As an African-American artist, though, Sampson says it was precisely this sort of history that he found fascinating, though challenging.

“When you are dealing with that kind of time period as an African American, I couldn’t help but think, ‘Oh, what would I have been doing during this time? What were my people doing during this time?’ So the history becomes very different to me,” he says. “I mean, the Amistad, I don’t know what I should say about it. Is it a happy ending? It is an interesting story. I never knew how I was supposed to feel about it.”

“I went (to the Seaport) with the assumption that I was going to find more ghosts, things like that, that it was a little more haunted,” he says. “In New Orleans, for example, you can really feel the spirits in the air. And in Mystic, it was kind of cool, because I really didn’t get that, which was interesting.”

Aside from his career in art, Sampson, who was raised by a prominent civil-rights activist and who met leaders such as Malcolm X and Ruby Dee as a child, worked as a police detective in Scotch Plains, N.J. Always naturally artistic, Sampson later became the first African American uniformed police sketch artist, giving him a unique platform to begin an art career.

That started to take off, he says, in the early ’90s, in the form of his sculpture monuments. His first piece, a memorial made for his cousin who died of AIDS in the late ’80s, was simply created by collecting materials from her backyard and assembling them. But the idea stuck, and Sampson continued to make dozens of similar pieces as a way, he says, to cope with the loss and tragedy associated with AIDS and the ongoing effects from the 1967 Newark riots happening throughout his community at the time.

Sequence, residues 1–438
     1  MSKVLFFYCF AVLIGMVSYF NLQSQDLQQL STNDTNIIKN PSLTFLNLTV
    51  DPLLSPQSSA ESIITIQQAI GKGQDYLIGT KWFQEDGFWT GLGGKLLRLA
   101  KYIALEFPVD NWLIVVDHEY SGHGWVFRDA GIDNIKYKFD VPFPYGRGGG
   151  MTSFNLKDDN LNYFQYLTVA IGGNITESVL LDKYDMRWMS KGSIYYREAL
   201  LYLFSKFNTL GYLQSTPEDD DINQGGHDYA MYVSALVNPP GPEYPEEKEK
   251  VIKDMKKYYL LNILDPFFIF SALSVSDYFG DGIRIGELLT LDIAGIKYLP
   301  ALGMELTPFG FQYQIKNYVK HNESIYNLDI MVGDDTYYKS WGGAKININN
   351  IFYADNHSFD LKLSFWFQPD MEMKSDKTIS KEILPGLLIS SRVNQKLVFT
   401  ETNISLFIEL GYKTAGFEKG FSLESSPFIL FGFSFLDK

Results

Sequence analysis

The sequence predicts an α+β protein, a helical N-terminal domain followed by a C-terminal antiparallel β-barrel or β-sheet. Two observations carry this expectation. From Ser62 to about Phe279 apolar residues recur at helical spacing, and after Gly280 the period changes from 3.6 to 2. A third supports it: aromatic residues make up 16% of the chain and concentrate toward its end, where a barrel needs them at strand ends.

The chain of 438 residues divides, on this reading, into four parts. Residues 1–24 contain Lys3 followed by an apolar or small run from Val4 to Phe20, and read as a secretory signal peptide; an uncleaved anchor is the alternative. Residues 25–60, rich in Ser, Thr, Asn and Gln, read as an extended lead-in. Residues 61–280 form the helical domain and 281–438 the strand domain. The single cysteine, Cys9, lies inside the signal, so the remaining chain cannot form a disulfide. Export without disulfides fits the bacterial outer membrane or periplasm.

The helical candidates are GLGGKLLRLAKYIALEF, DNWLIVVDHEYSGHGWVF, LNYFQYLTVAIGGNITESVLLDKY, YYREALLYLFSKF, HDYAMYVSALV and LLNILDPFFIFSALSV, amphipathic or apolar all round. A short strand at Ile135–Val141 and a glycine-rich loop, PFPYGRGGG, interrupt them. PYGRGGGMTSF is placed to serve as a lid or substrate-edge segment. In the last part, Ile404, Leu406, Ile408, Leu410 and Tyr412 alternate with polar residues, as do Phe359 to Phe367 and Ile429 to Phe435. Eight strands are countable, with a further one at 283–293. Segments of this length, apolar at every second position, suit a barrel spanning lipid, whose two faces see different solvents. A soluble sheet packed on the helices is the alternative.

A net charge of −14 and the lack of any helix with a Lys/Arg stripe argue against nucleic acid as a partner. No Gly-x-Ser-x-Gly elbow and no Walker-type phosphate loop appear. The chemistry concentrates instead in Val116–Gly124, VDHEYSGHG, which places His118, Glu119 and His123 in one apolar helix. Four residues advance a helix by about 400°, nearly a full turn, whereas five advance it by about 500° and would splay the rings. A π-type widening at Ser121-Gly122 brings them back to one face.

Of the pieces on view at the Seaport, Sampson’s “USS Harriet Tubman,” which depicts a tugboat made up of thousands of scrap pieces found around Newark, memorializes the woman he describes as his childhood hero. “Engine Company 7,” also on view, remembers the lower Manhattan firefighters of Ladder 1, Engine 7, who survived the September 11th attack — people he would often socialize with while on the police force. The works, Sampson says, are always meant to remember a person or an event, but they are also intended to have spiritual undertones, as well.

“The USS Kye Kye Kule” just by first glance, seems to emanate such undertones — pure joy and creativity, a natural outpouring of what was offered to him during his stay at the museum.

“I think this is about somebody who comes from a different place but who also has a sort of similar history. That my vision is your vision. Deep down we are all the same. I can see like how you do,” Sampson says. “I think people make too much out of how different we are, and I think we are really a lot more similar. We are all Americans. We share a history. The good, the bad and the ugly.”

“This piece is an American story. And when you add in all the diversity, then it truly becomes a truly American story.”

m.biekert@theday.com

If you go

WHAT: "Monument Man: Kevin Sampson in Residence"

WHERE: C. D. Mallory Building at Mystic Seaport, Greenmanville Avenue, Mystic

HOURS: Through spring 2019; 9 a.m.-5 p.m. everyday

ADMISSION: regular seaport admission is $28.95 adults; $26.95 for ages 65 and up and for college students with ID; $18.95 ages 4-14; free for kids 3 and under

CONTACT: (860) 572-0711, mysticseaport.org.